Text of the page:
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UNESCO Global Network of Young TV Producers on HIV/AIDS reached new territories in Melanesia

28-08-2007 (Apia)
UNESCO Global Network of Young TV Producers on HIV/AIDS reached new territories in Melanesia
Colin perfecting his camera skills.
Three short documentaries on HIV/AIDS were launched by six young media producers from Papua New Guinea, Solomon Islands and Fiji during a two-week Workshop on Advanced Documentary and Script Writing held on 16-27 July in Suva, Fiji.
The workshop was organized by UNESCO in cooperation with the Regional Media Centre (RMC) of the Secretariat of the Pacific Community (SPC) to train young media producers on how to make documentaries about young people.

"They understand each other and they know ways of changing mindset of their peers. The workshop was about young people 'making it for themselves': getting interested in film making, going out to conduct interviews, filming and producing documentaries," said Larry Thomas, Coordinator of RMC and Pacific film-maker and playwright.

It was the second in a series of workshops. The first one was offered for Fiji young media producers in June 2006. Specialists in HIV/AIDS, behaviour change and communication and gender based violence shared their experiences with the participants who used the knowledge to develop ideas for documentaries. The ideas target behaviour change, from ignorance to knowledge and action, from stigma and discrimination to care and support from being afraid of seeking treatment to a ‘treatment seeking behaviour’.

Falani Aukuso, Deputy Director-General of SPC, advised the young producers that it is important to do follow up activities and to ensure that newly learnt skills are not wasted.

With the completion of the three documentaries, the young producers qualify as members of the UNESCO Global Network of Young TV Producers on HIV/AIDS. "The purpose of the Global Network is to harness the creative energies of youth to produce high-impact documentaries. It first started in Asia, then in Africa and now it is developing in the Pacific, said Abel Caine from UNESCO's Office in Apia, Samoa.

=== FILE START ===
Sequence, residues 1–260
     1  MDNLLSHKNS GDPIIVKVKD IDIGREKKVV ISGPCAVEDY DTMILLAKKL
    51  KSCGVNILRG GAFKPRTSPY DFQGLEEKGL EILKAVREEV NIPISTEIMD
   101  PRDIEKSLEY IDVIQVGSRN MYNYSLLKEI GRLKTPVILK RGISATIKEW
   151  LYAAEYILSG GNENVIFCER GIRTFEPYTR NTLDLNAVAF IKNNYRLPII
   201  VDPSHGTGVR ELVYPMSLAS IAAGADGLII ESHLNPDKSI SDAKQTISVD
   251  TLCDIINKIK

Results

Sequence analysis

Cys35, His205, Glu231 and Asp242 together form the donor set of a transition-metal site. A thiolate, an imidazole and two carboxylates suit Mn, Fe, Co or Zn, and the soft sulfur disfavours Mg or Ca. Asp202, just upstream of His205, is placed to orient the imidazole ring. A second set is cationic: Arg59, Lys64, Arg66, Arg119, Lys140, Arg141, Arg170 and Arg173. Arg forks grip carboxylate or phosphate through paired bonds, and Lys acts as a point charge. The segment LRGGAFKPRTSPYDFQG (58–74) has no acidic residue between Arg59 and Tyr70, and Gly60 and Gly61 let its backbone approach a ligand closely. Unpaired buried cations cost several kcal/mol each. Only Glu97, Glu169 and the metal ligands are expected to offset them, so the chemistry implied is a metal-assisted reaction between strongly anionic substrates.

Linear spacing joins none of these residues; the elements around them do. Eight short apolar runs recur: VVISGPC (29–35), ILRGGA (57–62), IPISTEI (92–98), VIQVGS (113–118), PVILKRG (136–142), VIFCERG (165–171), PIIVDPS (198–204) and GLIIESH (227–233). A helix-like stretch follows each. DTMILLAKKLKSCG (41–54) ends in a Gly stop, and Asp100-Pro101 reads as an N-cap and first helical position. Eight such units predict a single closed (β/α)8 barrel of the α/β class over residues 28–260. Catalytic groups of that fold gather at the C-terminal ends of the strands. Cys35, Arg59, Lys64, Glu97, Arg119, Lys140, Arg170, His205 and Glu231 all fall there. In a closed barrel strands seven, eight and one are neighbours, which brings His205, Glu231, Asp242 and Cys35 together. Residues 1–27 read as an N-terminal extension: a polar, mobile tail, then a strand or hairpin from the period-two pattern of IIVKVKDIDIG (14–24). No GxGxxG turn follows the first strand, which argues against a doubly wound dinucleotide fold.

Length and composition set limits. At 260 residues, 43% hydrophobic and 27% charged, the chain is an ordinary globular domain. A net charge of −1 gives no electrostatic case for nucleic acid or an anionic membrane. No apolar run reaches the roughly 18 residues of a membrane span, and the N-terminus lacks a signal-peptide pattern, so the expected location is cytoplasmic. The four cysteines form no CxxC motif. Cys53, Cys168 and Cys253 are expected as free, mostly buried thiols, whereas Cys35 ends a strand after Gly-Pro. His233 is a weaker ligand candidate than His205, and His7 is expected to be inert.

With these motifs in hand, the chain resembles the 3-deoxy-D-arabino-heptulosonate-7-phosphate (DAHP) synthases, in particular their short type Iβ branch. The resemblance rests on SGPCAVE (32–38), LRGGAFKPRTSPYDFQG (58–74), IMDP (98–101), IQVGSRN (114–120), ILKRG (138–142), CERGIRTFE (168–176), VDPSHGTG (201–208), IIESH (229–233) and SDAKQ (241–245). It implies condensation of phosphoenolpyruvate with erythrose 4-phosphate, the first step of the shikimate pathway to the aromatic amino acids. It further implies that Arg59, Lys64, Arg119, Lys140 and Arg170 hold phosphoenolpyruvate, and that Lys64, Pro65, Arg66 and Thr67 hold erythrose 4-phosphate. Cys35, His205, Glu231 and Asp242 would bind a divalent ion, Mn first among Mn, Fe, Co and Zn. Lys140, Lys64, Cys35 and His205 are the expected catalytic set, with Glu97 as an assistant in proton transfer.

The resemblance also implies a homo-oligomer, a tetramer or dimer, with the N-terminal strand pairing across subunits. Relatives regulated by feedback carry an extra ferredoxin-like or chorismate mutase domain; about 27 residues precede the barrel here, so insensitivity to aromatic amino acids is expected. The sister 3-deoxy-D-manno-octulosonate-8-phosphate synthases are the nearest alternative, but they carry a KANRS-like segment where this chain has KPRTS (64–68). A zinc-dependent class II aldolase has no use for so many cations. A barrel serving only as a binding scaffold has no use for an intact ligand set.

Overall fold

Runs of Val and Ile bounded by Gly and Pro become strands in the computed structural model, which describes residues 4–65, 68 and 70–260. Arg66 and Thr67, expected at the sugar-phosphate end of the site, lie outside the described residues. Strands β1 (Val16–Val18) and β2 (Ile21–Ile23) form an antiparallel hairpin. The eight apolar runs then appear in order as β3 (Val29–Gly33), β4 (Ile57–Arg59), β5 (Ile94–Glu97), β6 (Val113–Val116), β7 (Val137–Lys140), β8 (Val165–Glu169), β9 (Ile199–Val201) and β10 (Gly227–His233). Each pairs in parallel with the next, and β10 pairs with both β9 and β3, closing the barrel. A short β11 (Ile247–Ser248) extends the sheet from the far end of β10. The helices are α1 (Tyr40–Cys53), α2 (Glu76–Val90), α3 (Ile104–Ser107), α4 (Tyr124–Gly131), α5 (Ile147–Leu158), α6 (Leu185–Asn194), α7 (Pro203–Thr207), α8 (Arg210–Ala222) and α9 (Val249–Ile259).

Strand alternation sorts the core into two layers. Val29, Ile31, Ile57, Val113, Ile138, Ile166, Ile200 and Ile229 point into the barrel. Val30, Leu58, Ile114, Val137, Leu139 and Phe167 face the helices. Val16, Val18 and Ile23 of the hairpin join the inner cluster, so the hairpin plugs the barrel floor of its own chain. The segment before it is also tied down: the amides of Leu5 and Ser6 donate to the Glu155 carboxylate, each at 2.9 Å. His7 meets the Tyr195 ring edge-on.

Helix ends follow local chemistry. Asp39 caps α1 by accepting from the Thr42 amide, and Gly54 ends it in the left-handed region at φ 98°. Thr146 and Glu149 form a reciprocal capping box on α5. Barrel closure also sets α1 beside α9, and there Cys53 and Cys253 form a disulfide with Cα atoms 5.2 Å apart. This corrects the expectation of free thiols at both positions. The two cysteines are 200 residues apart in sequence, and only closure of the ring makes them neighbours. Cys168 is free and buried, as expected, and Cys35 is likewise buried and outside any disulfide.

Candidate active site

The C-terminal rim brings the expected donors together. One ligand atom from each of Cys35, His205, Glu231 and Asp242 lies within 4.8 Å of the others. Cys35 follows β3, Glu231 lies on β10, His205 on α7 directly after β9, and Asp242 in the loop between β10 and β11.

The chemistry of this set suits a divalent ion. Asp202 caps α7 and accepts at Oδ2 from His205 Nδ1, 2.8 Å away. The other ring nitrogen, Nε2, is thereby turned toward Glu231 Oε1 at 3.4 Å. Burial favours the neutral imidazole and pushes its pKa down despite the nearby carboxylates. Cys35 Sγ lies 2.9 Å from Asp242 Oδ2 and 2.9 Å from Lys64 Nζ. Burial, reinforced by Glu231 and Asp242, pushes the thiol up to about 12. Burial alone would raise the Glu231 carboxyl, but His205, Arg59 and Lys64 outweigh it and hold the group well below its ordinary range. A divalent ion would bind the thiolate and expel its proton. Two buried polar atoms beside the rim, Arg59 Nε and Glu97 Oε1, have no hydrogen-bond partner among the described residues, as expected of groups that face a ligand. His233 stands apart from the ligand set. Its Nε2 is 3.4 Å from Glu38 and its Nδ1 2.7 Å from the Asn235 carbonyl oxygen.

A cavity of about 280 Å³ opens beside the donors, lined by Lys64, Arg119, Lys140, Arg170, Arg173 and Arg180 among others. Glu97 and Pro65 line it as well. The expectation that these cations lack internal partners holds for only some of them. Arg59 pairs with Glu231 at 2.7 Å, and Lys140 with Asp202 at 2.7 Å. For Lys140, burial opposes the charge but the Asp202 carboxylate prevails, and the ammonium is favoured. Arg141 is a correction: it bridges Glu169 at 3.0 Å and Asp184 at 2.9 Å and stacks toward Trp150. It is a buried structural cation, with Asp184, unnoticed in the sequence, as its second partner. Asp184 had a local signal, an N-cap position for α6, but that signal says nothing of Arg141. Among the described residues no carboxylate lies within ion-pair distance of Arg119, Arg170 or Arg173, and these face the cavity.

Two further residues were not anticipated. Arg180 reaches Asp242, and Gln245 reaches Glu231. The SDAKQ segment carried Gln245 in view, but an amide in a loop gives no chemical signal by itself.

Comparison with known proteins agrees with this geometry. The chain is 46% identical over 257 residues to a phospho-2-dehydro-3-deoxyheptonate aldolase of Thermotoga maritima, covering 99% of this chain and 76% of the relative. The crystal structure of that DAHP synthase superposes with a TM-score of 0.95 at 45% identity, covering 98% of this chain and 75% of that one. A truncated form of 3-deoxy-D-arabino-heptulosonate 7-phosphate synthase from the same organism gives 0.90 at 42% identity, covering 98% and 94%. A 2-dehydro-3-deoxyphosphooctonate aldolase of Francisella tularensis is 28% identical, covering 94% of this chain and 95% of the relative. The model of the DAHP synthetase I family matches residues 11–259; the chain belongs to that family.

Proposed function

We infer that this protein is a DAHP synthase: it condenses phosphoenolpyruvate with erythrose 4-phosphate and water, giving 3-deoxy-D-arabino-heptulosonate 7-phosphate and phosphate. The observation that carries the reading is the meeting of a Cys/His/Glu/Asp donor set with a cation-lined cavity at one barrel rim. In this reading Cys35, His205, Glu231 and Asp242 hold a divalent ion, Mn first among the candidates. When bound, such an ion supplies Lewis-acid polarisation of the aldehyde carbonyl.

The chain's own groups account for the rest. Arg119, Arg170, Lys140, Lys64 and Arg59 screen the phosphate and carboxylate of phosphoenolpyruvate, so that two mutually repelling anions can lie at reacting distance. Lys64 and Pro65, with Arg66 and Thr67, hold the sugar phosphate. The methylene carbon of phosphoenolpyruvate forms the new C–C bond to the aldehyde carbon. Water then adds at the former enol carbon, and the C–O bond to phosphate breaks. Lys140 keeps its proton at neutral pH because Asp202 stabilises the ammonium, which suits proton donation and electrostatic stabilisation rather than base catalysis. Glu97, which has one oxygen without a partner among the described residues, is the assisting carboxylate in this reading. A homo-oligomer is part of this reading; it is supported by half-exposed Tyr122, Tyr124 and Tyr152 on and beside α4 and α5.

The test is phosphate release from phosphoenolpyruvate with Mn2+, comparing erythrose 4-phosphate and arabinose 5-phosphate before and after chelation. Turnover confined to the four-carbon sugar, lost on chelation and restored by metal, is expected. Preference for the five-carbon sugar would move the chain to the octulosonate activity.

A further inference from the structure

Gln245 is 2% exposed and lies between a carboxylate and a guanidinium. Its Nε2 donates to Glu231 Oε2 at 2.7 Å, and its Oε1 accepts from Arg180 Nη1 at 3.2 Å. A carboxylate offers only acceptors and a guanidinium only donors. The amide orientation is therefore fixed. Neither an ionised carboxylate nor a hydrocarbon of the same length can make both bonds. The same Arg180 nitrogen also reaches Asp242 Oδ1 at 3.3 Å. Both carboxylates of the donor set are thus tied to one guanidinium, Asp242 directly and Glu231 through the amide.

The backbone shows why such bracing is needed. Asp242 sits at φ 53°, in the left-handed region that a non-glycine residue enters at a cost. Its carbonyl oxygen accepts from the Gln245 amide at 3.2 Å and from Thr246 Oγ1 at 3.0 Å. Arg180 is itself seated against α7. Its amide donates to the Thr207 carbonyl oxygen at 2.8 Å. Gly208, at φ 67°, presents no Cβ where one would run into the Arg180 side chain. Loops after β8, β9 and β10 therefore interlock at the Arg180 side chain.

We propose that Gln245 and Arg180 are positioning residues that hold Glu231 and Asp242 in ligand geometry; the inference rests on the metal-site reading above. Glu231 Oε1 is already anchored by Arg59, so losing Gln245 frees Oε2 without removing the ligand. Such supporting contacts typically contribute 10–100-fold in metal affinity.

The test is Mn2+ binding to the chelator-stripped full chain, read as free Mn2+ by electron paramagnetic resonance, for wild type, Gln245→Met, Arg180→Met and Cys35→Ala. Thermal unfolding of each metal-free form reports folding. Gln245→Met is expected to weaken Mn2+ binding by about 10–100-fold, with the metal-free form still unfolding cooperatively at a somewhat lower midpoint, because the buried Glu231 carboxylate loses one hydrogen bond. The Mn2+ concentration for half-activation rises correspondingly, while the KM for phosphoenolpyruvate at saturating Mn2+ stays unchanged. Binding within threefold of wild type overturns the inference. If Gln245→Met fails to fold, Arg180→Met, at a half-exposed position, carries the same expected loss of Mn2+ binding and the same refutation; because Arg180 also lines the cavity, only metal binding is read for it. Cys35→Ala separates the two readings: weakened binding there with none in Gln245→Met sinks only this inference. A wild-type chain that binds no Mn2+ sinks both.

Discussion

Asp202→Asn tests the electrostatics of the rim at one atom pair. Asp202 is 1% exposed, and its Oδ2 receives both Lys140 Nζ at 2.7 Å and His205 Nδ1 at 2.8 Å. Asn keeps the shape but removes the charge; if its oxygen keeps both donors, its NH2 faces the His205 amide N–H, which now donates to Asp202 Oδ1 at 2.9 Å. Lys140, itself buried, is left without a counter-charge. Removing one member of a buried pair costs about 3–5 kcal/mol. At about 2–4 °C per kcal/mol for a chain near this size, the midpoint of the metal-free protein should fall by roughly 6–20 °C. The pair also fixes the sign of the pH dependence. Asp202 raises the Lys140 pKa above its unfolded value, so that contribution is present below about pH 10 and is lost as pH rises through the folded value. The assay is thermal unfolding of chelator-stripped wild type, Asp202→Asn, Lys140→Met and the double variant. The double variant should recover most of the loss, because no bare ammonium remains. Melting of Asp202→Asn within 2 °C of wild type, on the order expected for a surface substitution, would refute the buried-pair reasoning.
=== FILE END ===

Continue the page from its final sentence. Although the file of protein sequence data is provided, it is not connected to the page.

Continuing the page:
According to Caine, the Global Network has been very successful. Eleven young Pacific islanders are now trained members and have produced five provocative videos for widespread distribution.

The following documentaries were launched at the Suva workshop:

It’s Better to Know
It follows a young Papua New Guinean girl going through the Voluntarily Confidentially Counseling and Testing (VCCT). VCCT is a new HIV/AIDS approach in the Pacific, which reveals the HIV status of people, thus relieving the anxiety of not knowing. Taking the audience through the process of VCCT, the girl encourages youngsters to get tested.

Femidoms Empowers Women
The story is about ‘femidom’, a female contraceptive that empowers women in the countries where rapes and cultural practices contribute to their sexual exploitation. The documentary aims at informing women that femidoms provide leverage for safe sex.

FJN+ Rekindle Hope
The story is about Dr Jiko Luveni and the Fiji Network for HIV+ people (FJN+). FJN+ facilitates medical treatment, training and offers other HIV/AIDS prevention services in Fiji. Dr Luveni seeks to stop discrimination against HIV+ people.
UNESCO Global Network of Young TV Producers on HIV/AIDS reached new territories in Melanesia Koroi operating the camera while Talica records an interview with Shane Henry, a student in Suva.

UNESCO Global Network of Young TV Producers on HIV/AIDS reached new territories in Melanesia
Llane and Wiktor learning functions of a camera (top);
Nixon learning to operate a TV camera (bottom)
Related themes/countries

      · Fiji
      · Papua New Guinea
      · Solomon Islands
      · HIV and AIDS: News Archives 2007
      · Youth and ICT: News Archives 2007
      · Training of Media Professionals: News Archives 2007
      · Communicating on HIV and AIDS
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